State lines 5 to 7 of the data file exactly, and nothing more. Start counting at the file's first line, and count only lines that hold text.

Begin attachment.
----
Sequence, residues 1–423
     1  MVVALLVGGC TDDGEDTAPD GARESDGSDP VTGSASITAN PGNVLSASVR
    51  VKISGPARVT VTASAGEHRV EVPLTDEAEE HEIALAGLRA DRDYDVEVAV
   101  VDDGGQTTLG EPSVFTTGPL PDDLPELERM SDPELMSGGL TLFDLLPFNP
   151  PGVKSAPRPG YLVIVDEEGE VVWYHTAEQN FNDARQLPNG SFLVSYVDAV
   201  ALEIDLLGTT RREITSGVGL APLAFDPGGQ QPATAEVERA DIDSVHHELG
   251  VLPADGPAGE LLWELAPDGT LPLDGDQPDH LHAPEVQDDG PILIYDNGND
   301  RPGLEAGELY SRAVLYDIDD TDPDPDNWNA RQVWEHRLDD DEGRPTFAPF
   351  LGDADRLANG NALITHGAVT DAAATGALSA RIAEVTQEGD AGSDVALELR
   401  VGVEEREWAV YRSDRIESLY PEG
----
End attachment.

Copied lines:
   151  PGVKSAPRPG YLVIVDEEGE VVWYHTAEQN FNDARQLPNG SFLVSYVDAV
   201  ALEIDLLGTT RREITSGVGL APLAFDPGGQ QPATAEVERA DIDSVHHELG
   251  VLPADGPAGE LLWELAPDGT LPLDGDQPDH LHAPEVQDDG PILIYDNGND